Fly-Fishing in the Hudson Valley, Upstate NY
Go fly-fishing with the pros this summer
Cast away: Fly-fishing was first practiced in this country on Roscoe’s Beaverkill River in the late 19th century
Photograph by Brenda Yamen
Step into your waders and get out on the water during a fly-fishing trip. The Sullivan County town of Roscoe — home to the Beaverkill and Willowemoc rivers and known as “Trout Town USA” — is the Mecca of the fly-fishing world. Serious fishermen the world over travel here to cast for trout and bass. But certain areas on the Hudson (mainly to the north and on its creeks and tributaries) are also friendly to fly-fishers.
What’s the difference between fly-fishing and conventional fishing? Richard Booth, owner of Reel Happy Fishing Charters in Greene County, says that explaining the complexity of fly-fishing is akin to “a doctoral dissertation on a different methodology.” In a nutshell, the bait used for fly-fishing consists of three- to five-inch artificial flies, which are usually (and meticulously) hand-crafted of fur and feathers by the fisherman/woman. The flies are cast into the water using a thick line so they travel farther; by continuously jerking the line, the fisherman keeps the fly moving, so (to the fish at least) they resemble live insects. Although not impossible, “fly-fishing is difficult in the river stem itself,” Booth says. “The water is very deep and has a strong current.” It is best done in shallow, slower-moving waters with better visibility for both the fishermen and the fish. Check out the inside scoop from two fly-fishing guides below.
Richard Booth (Reel Happy Fishing Charters, Cairo)
How long have you been guiding fly-fishing charters? Since 2003
Who comes on them? Both men and women
What do you normally catch? Striped, smallmouth, and largemouth bass in the summer and into the fall
What was your prize fish? 41-inch striper in the ocean
What’s your favorite fish? Smallmouth bass, because in the fall you can catch large numbers of them — 10, 15, 20 fish. On the fly run that’s a phenomenal number.
Is pollution a problem? No. Most of the fish are catch-and-release. We have the fun of catching them, release them, and then hopefully catch them again. Of the people I take, maybe 10 percent keep the fish; the rest release them no matter how big they are.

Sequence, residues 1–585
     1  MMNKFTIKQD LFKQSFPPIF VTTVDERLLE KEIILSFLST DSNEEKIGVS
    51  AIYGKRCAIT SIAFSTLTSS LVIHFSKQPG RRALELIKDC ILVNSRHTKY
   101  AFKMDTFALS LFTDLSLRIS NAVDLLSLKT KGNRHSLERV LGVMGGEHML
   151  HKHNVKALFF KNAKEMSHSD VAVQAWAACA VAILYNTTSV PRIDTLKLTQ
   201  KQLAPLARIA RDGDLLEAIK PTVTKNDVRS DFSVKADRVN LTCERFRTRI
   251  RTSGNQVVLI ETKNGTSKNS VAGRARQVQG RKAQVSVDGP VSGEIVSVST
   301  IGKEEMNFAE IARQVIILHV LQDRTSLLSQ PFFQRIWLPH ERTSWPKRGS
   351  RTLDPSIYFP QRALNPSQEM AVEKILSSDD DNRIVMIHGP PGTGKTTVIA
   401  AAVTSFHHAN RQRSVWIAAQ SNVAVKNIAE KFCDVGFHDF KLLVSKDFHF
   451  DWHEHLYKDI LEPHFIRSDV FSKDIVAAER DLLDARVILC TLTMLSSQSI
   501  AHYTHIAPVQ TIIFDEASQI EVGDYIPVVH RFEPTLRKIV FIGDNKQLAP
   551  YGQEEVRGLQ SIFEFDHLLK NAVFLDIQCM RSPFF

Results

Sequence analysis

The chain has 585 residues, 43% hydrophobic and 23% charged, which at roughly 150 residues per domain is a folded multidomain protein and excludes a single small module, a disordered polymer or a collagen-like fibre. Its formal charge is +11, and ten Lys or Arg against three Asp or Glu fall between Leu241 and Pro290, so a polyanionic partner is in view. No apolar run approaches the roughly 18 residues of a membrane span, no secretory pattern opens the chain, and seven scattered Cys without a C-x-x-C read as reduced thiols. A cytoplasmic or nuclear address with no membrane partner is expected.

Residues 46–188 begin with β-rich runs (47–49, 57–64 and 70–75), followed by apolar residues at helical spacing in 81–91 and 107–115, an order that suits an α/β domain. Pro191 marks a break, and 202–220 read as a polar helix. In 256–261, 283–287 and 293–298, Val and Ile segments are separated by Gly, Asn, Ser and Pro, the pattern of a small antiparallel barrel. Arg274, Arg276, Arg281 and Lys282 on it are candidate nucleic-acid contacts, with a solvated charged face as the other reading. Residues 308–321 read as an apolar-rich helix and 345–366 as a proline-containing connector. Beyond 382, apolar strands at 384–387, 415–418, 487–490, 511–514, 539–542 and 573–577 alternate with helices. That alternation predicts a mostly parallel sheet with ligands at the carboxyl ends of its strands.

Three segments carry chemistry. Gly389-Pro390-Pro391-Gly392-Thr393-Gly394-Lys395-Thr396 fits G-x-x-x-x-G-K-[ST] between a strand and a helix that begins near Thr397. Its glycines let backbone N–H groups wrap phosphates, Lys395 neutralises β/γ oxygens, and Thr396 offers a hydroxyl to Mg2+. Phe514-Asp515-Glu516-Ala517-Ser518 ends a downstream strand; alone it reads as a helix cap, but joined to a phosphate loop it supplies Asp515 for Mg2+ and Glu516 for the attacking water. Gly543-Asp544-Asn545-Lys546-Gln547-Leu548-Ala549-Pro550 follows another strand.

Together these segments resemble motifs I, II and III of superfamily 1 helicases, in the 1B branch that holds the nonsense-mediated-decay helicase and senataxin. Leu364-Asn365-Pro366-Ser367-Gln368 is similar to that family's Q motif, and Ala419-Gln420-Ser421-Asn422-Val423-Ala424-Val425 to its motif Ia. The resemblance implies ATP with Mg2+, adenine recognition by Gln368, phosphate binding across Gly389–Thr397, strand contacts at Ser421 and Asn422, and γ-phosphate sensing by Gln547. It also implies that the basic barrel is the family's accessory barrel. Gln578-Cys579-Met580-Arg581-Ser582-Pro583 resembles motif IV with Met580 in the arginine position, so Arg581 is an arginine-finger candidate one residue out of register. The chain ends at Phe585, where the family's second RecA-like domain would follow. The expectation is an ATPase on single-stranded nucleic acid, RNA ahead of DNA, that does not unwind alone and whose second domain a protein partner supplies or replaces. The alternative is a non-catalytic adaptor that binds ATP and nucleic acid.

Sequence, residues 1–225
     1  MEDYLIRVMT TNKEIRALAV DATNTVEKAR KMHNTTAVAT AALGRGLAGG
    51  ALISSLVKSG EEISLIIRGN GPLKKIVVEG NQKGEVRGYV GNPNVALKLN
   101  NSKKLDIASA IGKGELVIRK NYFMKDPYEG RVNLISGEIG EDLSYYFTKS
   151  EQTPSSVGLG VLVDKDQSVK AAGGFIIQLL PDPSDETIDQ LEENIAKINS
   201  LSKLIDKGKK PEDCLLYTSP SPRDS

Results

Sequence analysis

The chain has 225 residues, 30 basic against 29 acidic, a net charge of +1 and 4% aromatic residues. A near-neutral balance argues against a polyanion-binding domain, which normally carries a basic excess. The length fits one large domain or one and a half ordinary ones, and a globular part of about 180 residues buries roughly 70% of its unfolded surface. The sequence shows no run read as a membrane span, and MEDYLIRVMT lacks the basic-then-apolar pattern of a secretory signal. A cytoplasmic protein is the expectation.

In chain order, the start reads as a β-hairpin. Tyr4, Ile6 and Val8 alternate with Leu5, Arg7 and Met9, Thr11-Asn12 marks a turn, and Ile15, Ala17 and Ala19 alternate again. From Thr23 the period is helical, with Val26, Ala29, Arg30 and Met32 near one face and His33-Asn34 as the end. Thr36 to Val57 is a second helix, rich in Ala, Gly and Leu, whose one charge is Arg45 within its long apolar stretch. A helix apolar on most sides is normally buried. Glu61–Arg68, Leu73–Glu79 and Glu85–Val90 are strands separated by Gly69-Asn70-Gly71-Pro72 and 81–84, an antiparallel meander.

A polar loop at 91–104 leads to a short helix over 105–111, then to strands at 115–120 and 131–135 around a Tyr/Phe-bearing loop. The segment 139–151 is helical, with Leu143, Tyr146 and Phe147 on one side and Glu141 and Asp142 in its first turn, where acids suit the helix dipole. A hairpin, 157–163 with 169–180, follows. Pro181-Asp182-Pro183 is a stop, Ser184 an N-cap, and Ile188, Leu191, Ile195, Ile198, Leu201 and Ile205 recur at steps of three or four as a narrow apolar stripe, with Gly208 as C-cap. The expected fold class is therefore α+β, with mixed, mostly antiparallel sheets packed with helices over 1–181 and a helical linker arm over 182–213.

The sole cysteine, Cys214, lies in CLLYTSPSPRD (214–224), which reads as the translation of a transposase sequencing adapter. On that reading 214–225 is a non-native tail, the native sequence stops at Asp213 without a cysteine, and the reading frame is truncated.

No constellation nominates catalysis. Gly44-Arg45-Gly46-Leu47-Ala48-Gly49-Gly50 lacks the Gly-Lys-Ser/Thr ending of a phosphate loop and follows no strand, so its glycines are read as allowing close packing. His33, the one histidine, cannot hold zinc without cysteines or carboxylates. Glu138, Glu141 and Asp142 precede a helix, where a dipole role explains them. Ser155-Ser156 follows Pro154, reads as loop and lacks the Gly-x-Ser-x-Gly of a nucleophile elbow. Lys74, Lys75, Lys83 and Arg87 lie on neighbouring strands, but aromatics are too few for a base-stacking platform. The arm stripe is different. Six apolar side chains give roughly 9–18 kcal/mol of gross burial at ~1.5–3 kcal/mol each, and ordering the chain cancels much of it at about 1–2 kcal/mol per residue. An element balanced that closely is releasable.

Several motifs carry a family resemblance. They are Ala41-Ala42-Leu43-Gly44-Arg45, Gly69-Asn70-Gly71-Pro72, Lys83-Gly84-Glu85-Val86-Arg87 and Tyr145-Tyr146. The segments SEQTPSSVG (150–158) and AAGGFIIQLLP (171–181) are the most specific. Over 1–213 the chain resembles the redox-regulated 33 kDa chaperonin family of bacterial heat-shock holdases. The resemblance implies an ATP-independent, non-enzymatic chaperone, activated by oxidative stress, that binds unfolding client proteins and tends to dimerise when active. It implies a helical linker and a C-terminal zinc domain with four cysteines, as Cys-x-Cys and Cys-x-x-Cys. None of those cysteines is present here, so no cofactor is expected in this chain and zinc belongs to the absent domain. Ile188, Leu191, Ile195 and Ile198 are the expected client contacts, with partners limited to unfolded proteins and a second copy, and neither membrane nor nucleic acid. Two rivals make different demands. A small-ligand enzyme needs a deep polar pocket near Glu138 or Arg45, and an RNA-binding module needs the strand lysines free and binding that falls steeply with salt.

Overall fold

Worst misconception: Fly-fishing is impossible on the river. Wrong! The river does have some accessibility.
Biggest beginner blooper: People believe you can just go out and catch fish all the time. You might have a good day the first time and think, “Oh, this is easy.” And then the next time, guess what? Zip.
Tips: Try to couple up with someone who has experience, and be open enough to say that you want to learn how to do it.
Best moment: I had a fellow catch a 34-pound striper and we released it. That was one of the most thrilling things, to see a fish that big come onboard; it was like, “you better get yourself a bigger boat!”
Dennis Skarka (Catskill Flies, Roscoe)
How long have you been guiding fly-fishing charters? More than 20 years
Who comes on them? People from all areas of the country; we had people write their address on receipts one year, and we had an address from every state in the Union except Hawaii. Over the last few years, I’ve gotten a lot more women.
What do you normally catch? Most often it’s trout and smallmouth bass
What’s your favorite fish? The one I’m catching at the moment is good enough for me!
What was your prize fish? 27-inch brown bass, it was probably about seven or eight pounds. But they’re all special, and there’s always a bigger one out there.
Worst misconception: That it’s too hard to do. If you can drive here you can fly-fish. It’s all about timing. Anybody who’s into golf really understands it because there's a lot of timing in that sport.
Biggest beginner blooper: Lack of knowledge or too much knowledge. People get poor information, or no information.
Is pollution a problem? We’re catch-and-release, we don’t keep any fish, so it’s not a major issue. We have a lot of land surrounded by the Catskill Park which is forever wild. If you don’t have a chemical factory on the banks of your river, you’re probably pretty good.
Tips: Just go out and do it. You gotta do it to learn how to do it. If you’ve got a few extra bucks, take a lesson.
Best moment: I like it when people who are new to it get a hold of it. I’m happy when they’re happy. You won’t always catch fish, but maybe the best thing they did all day was see a bald eagle. We see them all the time, but if you’re a tourist, you don’t. We’re the ambassadors of the Catskills so to speak, so we have to put the best foot forward and show people a good time.